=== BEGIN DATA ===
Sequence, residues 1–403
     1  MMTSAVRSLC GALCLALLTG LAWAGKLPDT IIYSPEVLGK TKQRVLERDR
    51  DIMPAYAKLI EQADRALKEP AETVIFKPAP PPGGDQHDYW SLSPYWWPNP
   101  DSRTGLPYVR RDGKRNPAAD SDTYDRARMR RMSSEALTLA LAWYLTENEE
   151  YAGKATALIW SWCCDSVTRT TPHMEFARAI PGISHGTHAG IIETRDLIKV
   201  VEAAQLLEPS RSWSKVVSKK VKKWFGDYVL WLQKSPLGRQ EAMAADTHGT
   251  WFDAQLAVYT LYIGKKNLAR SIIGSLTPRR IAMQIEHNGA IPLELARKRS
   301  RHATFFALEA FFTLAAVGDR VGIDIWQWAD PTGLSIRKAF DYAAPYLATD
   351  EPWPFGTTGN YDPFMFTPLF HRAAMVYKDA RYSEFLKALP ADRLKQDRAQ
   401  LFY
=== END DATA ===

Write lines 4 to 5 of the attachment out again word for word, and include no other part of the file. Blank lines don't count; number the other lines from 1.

   101  DSRTGLPYVR RDGKRNPAAD SDTYDRARMR RMSSEALTLA LAWYLTENEE
   151  YAGKATALIW SWCCDSVTRT TPHMEFARAI PGISHGTHAG IIETRDLIKV